Generalized Linear Model (IRLS)

GLM via IRLS by group with weights, clustering, and HDFE


Run gtools, upgrade to update gtools to the latest stable version.


gglm is in beta and meant for testing; use in production NOT recommended. (To enable beta features, define global GTOOLS_BETA = 1.)

gglm computes fast GLM regression coefficients and standard errors by group. Its basic functionality is similar to that of the user-written rangestat (reg) or regressby, except that it computes GLM via IRLS instead of OLS; in addition, gglm allows weights, clustering, and HDFE by group. This program is not intended as a substitute for glm or similar commands. Support for some estimation operations are planned; however, gglm does not compute any significance tests and no post-estimation commands are available.


gglm depvar indepvars [if] [in] [weight] [, ///
    by() absorb() family() options]

Support for different link functions may be added in future releases. At the moment only the cannonical link for each family() is available:

Family Link Default Output
binomial logit GtoolsLogit
poisson log GtoolsPoisson

By default, results are saved into a mata class object named after the model estimated, as noted above. For details, the desc() method is available, e.g. mata GtoolsLogit.desc(). The name and contents can be modified via the mata() option. The results can also be saved into variables via gen() or prefix() (either can be combined with mata(), but not each other).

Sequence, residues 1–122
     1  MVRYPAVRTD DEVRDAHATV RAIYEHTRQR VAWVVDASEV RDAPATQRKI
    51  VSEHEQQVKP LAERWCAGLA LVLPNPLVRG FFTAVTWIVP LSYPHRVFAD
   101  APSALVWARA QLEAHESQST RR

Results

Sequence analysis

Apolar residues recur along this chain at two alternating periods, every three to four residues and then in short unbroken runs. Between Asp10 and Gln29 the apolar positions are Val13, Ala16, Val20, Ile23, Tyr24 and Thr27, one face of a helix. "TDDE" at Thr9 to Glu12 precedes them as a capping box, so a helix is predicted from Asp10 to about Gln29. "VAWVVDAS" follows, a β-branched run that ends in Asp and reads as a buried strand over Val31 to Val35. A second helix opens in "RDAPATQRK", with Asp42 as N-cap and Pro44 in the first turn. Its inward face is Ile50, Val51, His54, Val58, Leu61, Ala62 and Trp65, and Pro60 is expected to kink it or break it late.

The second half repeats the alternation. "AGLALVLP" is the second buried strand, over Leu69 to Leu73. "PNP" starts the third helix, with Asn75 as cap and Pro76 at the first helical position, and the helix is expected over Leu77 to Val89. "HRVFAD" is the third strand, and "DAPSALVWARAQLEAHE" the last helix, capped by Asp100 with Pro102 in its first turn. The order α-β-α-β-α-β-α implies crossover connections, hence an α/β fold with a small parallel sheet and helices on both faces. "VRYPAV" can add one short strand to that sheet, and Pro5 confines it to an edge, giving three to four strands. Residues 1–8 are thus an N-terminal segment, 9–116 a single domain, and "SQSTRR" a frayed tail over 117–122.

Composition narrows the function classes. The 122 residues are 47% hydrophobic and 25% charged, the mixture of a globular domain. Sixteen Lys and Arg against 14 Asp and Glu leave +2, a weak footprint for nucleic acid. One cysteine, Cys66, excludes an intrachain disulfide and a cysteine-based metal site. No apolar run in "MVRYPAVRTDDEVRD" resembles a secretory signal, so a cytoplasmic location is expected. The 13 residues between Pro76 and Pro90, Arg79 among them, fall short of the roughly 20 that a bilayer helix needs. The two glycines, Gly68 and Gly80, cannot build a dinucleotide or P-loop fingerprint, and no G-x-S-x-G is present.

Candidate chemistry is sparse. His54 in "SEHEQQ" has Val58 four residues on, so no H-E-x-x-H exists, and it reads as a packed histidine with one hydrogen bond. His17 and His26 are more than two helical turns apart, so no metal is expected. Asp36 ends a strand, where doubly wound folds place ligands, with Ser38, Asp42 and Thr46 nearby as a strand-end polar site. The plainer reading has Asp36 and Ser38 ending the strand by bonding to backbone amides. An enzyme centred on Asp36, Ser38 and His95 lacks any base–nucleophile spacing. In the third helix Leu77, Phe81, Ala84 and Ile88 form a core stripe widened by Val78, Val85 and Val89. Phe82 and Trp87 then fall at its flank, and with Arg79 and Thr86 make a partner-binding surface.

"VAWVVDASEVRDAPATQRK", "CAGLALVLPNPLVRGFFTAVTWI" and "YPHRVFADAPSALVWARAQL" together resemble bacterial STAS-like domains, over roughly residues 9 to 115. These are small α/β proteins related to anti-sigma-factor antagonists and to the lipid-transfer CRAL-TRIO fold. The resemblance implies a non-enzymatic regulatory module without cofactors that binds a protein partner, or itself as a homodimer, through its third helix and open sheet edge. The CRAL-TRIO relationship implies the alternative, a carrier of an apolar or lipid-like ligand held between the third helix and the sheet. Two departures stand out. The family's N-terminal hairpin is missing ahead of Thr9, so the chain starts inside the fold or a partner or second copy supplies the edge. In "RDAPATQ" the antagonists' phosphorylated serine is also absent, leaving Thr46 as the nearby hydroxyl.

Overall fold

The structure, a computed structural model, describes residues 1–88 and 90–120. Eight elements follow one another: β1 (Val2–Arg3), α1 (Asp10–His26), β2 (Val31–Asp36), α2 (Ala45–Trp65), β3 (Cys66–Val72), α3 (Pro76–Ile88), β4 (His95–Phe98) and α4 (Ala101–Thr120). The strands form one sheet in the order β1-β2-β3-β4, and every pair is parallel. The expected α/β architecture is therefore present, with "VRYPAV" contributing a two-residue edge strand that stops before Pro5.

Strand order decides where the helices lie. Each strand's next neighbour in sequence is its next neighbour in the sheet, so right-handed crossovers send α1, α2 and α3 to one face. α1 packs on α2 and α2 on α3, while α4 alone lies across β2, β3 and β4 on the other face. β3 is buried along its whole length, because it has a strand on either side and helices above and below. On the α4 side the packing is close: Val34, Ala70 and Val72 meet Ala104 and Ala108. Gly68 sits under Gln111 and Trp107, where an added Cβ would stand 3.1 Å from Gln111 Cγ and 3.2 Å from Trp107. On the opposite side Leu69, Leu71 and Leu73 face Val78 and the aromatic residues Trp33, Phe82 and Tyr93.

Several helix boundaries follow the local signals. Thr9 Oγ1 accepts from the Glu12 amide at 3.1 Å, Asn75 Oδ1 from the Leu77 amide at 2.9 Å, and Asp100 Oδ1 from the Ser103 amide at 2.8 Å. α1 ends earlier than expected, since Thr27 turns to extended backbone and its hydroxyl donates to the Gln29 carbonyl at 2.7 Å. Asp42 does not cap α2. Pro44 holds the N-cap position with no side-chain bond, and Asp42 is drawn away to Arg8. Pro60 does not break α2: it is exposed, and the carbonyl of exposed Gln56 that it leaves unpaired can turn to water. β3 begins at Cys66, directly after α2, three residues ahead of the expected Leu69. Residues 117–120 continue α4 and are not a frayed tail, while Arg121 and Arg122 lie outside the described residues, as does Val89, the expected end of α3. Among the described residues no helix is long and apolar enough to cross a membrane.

Note that extended varlist syntax is not supported. Further, fweights behave differently than other weighting schemes; that is, this assumes that the weight referes to the number of available observations.


Save Results

  • mata(name, [nob nose]) Specify name of output mata object and whether to save b and se

  • gen(...) Specify any of b(varlist), se(varlist), and hdfe(varlist). One per covariate is required (hdfe() also requires one for the dependent variable).